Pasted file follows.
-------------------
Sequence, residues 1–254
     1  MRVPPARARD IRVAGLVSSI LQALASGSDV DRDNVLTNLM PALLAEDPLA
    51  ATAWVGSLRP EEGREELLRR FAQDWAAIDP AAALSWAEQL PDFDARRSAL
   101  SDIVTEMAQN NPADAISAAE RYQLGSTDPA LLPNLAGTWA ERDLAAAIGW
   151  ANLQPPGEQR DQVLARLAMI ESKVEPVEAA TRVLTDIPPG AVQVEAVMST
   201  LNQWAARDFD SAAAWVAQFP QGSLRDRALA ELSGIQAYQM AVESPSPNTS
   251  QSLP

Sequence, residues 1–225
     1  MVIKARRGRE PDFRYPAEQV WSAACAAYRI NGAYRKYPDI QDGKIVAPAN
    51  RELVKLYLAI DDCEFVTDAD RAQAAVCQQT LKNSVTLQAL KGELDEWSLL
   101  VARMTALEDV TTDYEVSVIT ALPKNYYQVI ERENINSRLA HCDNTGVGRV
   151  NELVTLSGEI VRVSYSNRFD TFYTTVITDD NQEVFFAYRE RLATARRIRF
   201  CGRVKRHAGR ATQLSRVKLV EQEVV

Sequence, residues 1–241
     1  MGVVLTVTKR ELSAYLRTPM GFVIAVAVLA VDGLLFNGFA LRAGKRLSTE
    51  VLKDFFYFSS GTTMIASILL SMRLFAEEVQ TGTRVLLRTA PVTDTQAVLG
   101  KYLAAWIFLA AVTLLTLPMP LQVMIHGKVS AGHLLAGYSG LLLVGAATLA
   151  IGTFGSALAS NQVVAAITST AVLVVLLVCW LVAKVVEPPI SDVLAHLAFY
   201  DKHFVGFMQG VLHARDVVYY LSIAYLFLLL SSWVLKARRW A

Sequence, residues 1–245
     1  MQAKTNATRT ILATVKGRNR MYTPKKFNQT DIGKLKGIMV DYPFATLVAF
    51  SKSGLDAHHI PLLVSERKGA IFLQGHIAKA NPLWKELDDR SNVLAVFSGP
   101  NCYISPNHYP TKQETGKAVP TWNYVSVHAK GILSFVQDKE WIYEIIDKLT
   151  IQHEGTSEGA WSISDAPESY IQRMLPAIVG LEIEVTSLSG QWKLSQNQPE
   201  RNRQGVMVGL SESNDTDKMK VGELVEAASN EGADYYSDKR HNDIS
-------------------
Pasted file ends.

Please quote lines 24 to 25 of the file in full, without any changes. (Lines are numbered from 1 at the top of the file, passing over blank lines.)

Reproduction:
   151  IQHEGTSEGA WSISDAPESY IQRMLPAIVG LEIEVTSLSG QWKLSQNQPE
   201  RNRQGVMVGL SESNDTDKMK VGELVEAASN EGADYYSDKR HNDIS